FOR Scotland's next big thing . . . which is how they've have been touted for roughly the past six months . . . My Latest Novel are a decidedly strange proposition. They don't so much write songs as paint textures with their instruments. There are no real pop songs here, no three-minute indie workouts that would sound good on the dancefloor. Instead, there are songs which twist and turn, following their own tangents with a pleasing but occasionally frustrating disregard for the rules.

Comparisons to Belle And Sebastian have been made, but they're superficial at best, and revolve around the boy/girl harmonies and spoken word passages in west coast accents. My Latest Novel are somewhere else, though: halfway between the multi-instrumental reverie of Arcade Fire and the woozy, funereal beauty of their labelmates Dirty Three.

They're at their strongest when they let a groove lurch along, building momentum as it goes, until it hurtles headlong towards you, as on the gorgeous sixminute opening track Ghost In The Gutter.

Sister Sneaker, Sister Soul's plaintive violins have just enough windswept grandeur about them to be charming without being overdone; When We Were Wolves, meanwhile, is a brutal sea shanty dirge; you can almost see the entire band wearing eye patches in the studio.


Sister Sneaker, Sister Soul




IF you're a budding singer/songwriter, as Edinburgh-based Steve Adey is, it takes a certain amount of that wonderful thing, chutzpah, to cover not only Bonnie Prince Billy's I See A Darkness, but Bob Dylan's Shelter From The Storm, on your debut album.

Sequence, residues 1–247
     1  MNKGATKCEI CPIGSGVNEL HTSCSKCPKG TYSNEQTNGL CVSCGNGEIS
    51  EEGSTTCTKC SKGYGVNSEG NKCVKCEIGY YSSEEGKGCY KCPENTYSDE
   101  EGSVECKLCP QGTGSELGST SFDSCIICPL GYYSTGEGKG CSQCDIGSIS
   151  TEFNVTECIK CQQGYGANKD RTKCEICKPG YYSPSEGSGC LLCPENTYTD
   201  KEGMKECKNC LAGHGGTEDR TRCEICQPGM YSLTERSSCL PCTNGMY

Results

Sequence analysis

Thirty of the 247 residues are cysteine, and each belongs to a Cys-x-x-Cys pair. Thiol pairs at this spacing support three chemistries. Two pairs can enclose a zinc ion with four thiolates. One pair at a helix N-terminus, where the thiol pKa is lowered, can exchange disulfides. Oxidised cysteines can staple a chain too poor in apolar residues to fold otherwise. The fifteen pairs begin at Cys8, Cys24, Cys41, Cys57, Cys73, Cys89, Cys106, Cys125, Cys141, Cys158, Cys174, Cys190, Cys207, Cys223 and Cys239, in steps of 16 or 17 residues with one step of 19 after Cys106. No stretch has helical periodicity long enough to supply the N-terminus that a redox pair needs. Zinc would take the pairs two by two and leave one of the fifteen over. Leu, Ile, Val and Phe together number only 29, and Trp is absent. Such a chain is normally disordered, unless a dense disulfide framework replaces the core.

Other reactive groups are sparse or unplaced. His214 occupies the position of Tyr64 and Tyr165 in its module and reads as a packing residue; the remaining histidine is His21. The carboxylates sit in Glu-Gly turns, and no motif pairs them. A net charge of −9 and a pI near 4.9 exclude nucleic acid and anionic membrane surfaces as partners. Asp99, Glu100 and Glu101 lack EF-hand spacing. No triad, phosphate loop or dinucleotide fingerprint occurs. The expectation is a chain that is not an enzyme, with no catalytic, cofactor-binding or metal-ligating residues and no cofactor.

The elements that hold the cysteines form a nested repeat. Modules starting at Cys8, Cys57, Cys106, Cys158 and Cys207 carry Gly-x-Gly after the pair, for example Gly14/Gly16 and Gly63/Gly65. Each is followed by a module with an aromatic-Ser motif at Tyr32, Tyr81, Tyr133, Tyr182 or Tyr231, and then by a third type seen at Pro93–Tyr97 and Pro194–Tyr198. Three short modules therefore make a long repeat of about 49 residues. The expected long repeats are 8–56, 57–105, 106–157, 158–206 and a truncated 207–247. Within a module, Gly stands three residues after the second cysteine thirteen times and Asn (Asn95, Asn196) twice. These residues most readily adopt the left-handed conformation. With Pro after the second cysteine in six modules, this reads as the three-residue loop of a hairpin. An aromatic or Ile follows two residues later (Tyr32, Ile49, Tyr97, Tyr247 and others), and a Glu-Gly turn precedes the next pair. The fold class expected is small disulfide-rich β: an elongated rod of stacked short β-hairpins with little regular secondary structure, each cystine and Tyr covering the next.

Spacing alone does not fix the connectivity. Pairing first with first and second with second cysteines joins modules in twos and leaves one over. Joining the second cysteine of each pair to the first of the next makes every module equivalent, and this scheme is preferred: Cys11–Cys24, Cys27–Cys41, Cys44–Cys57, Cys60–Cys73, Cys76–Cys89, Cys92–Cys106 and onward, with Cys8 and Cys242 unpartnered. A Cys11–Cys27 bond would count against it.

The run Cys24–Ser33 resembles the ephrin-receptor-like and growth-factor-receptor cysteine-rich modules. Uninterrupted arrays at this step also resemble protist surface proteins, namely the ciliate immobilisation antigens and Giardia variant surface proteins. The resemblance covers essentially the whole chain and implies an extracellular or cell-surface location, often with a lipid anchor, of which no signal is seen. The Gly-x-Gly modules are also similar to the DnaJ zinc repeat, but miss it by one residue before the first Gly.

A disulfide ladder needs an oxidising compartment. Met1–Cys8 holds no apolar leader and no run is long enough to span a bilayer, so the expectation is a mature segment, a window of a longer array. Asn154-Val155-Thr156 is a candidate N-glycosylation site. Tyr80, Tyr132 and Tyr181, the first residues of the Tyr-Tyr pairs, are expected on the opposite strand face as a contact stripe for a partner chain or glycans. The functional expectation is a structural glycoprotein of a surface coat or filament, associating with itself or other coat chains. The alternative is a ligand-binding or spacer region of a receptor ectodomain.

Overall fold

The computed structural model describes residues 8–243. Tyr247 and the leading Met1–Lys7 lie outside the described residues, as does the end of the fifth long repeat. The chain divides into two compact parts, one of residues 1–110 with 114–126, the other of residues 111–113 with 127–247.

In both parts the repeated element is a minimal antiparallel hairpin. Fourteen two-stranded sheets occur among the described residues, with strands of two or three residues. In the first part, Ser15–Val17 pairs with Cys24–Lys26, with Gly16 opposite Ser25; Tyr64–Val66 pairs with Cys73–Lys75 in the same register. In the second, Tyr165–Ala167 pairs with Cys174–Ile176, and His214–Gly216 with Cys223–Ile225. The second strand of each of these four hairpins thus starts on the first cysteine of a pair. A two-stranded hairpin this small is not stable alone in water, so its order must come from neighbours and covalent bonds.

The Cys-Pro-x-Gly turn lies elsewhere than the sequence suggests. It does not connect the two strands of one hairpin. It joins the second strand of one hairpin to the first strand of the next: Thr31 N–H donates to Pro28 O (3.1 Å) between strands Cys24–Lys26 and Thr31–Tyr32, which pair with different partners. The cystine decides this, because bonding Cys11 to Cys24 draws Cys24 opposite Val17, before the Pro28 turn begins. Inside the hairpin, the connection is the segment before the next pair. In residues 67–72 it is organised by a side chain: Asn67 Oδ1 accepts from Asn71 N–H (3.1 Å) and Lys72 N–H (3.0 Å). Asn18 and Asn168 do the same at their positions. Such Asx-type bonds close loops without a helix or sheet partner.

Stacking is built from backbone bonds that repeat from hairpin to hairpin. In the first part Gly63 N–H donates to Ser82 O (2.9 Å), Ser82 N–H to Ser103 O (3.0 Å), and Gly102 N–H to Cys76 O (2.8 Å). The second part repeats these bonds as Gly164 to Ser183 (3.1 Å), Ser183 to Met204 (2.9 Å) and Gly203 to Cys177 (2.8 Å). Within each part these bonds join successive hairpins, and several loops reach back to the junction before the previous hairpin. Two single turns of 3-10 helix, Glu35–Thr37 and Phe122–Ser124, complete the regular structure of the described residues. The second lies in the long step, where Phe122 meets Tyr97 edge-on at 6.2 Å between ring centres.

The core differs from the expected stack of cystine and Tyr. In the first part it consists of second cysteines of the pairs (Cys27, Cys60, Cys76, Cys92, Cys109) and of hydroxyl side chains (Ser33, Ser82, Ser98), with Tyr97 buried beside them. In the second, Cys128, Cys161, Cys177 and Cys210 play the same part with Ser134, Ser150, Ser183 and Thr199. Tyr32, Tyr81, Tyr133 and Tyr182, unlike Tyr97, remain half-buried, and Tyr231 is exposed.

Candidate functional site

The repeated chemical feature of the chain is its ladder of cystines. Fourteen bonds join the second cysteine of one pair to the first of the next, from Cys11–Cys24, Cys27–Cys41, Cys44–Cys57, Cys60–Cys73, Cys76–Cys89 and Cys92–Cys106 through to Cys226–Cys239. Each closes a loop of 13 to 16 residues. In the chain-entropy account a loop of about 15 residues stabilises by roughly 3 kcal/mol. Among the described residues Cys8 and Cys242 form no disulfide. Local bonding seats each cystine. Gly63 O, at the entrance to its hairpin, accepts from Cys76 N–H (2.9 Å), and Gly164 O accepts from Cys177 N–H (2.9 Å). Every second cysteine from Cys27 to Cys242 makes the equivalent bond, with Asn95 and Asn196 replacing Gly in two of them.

Some would call it sheer folly.

The Bonnie Prince Billy cover sits in the shadows of Johnny Cash's own version, but Adey's reading of Shelter From The Storm (one of the highlights of Blood On The Tracks) turns Bob Dylan's fable into a languorous piano ballad which owes as much to Leonard Cohen and John Cale as it does to Saint Bob.

That Adey's own songs hold up in this context at all, let alone very well, should have him wiping his brow in relief.

On tracks like The Lost Boat Song and Evening Of The Day, Adey channels the spirit of Smog, minus Bill Callahan's caustic take on dysfunctional relationships; elsewhere, there are hints of the late Jeff Buckley's mournful tenderness.

Whether Adey's career will end up producing his own Shelter From The Storm . . . give him a decade and maybe the end of a great love . . . remains to be seen. That he might be capable, though, is reason enough to start listening to him now.


Evening Of The Day